Ms. Kang

Grace Kang

Managing Partner

Greenview

Grace Kang is managing partner of Greenview, a sustainability consulting and research firm providing hospitality organizations with their strategy, programs, and reporting, and hospitality industry with industry insight, trends and benchmarks. She oversees Greenview’s Asia operations as well as co-develops the company’s business plan and growth strategy.

She successfully rolled out the Greenview Portal, a software as a service online sustainability data management platform that makes tracking, measuring and improving in areas of sustainability and social responsibility easy and seamless. She leads a software development team and manages the development of the Greenview Portal 2.0 and industry benchmarking studies including the Green Lodging Survey, benchmarking sustainability operational best practices.

Ms Kang has a focused background in the hotel industry with over 15 years of experience in various functional roles, particularly in driving business through data analysis, reporting and strategic programs. She brings corporate perspective from working at top global hotel brands such as Starwood Hotels and Resorts and Marriott International. At Starwood, Grace optimized the sales organization in underperforming markets by redesigning customer coverage models to drive revenue and gain market share, and managed and liaised with cross-functional teams to ensure that newly opening hotels have successful opening performances.

At Marriott, she led the lodging business plan for select service properties to quantify future investments and profit contribution of new openings, and conducted investment analyses to structure various transactions. In addition to her hotel background, she gained Asia experience working at Samsung Card in Seoul, Korea. At Samsung Card, Ms. Kang designed a new premium customer experience strategy for Samsung Card VIP segment across all key servicing touch points to drive incremental revenue, developed the company’s first international online affiliate program as a vehicle to expand into the international market, and partnered with global hotel companies and luxury travel networks to provide differentiated and high-end travel benefits to the top tiered members.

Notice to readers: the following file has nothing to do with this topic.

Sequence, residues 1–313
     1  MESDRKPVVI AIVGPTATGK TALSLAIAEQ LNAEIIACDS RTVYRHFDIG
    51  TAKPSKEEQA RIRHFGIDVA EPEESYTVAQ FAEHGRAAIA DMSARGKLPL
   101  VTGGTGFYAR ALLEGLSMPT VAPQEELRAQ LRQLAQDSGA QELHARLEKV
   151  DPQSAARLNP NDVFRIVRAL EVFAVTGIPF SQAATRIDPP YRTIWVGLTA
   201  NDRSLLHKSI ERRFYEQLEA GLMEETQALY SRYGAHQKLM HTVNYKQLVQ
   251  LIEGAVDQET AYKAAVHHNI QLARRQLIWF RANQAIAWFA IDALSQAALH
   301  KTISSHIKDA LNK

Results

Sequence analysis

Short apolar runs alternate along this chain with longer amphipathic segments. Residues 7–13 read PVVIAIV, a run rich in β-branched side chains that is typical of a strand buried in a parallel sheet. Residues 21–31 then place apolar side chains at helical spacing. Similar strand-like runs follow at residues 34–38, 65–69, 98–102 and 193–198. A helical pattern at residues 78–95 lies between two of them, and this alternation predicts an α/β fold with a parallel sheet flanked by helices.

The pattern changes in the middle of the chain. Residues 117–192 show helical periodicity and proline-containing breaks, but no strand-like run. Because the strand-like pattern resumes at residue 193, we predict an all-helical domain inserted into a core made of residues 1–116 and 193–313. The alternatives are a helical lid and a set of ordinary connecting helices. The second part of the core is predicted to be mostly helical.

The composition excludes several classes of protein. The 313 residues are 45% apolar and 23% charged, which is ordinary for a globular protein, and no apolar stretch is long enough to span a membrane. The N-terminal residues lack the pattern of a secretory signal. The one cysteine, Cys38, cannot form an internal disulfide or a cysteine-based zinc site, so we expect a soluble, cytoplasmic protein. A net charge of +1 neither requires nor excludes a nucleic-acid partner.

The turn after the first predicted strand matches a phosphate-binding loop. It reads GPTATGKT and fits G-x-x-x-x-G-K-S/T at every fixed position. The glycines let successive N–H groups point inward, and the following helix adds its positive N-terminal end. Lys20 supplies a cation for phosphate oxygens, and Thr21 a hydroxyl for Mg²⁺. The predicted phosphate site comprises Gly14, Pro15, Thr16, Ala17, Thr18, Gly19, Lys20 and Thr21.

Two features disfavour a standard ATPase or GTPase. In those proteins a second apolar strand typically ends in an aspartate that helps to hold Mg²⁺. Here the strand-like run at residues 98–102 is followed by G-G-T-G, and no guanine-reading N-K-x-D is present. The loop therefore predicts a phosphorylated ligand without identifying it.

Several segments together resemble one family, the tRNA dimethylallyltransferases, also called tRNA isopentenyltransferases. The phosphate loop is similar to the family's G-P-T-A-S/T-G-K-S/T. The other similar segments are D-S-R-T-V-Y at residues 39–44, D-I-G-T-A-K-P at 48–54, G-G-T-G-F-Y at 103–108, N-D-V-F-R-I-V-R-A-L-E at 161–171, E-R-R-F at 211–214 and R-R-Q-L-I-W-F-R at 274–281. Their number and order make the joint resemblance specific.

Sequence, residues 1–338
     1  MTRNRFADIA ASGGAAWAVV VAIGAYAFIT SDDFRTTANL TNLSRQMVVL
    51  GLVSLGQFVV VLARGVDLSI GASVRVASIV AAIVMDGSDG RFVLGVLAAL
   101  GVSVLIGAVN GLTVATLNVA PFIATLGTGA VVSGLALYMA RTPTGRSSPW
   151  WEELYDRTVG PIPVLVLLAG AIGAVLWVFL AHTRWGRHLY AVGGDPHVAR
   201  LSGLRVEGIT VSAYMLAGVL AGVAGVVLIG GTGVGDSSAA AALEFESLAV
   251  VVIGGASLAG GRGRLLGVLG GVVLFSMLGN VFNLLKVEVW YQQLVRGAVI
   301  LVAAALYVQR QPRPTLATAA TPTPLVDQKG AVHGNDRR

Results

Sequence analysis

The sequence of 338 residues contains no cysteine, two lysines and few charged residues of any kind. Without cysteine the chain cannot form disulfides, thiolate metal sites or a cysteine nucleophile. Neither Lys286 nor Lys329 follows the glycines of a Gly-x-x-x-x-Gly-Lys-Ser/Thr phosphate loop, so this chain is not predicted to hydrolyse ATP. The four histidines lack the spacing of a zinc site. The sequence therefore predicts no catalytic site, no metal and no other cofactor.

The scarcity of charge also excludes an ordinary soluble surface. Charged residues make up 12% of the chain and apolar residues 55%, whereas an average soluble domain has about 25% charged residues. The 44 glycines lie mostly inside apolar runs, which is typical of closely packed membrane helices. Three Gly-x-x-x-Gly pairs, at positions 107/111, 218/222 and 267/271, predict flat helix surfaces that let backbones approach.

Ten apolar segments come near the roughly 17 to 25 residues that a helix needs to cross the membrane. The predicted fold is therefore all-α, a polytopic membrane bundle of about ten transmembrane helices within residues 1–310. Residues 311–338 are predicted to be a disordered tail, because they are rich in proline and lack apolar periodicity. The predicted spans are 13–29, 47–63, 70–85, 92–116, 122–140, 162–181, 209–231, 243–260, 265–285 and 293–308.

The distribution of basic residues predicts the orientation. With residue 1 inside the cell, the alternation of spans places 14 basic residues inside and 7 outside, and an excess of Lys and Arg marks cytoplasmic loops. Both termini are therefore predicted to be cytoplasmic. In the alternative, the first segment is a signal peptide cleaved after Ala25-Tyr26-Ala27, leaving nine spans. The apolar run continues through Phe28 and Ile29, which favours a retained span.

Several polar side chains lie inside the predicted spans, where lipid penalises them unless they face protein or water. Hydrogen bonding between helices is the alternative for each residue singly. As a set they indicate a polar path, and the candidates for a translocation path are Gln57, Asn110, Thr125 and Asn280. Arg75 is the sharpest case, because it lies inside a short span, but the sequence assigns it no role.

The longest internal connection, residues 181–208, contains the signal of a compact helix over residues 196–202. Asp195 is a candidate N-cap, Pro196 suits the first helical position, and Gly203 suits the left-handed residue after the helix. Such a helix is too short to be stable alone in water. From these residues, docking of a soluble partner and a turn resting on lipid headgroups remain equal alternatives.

Ms. Kang earned two degrees from Cornell University, a Bachelor of Science from the Hotel Administration School and Master of Business Administration from the Johnson Graduate School of Management. Cornell is where she found her passion for the hospitality industry and teaching fitness. On her spare time, she continues to teach group fitness programs.

Please visit http://www.greenview.sg for more information.

Ms. Kang can be contacted at +65 9623 1876 or grace@greenview.sg

Coming Up In The November Online Hotel Business Review




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Feature Focus
Architecture & Design: Authentic, Interactive and Immersive
If there is one dominant trend in the field of hotel architecture and design, it’s that travelers are demanding authentic, immersive and interactive experiences. This is especially true for Millennials but Baby Boomers are seeking out meaningful experiences as well. As a result, the development of immersive travel experiences - winery resorts, culinary resorts, resorts geared toward specific sports enthusiasts - will continue to expand. Another kind of immersive experience is an urban resort – one that provides all the elements you'd expect in a luxury resort, but urbanized. The urban resort hotel is designed as a staging area where the city itself provides all the amenities, and the hotel functions as a kind of sophisticated concierge service. Another trend is a re-thinking of the hotel lobby, which has evolved into an active social hub with flexible spaces for work and play, featuring cafe?s, bars, libraries, computer stations, game rooms, and more. The goal is to make this area as interactive as possible and to bring people together, making the space less of a traditional hotel lobby and more of a contemporary gathering place. This emphasis on the lobby has also had an associated effect on the size of hotel rooms – they are getting smaller. Since most activities are designed to take place in the lobby, there is less time spent in rooms which justifies their smaller design. Finally, the wellness and ecology movements are also having a major impact on design. The industry is actively adopting standards so that new structures are not only environmentally sustainable, but also promote optimum health and well- being for the travelers who will inhabit them. These are a few of the current trends in the fields of hotel architecture and design that will be examined in the November issue of the Hotel Business Review.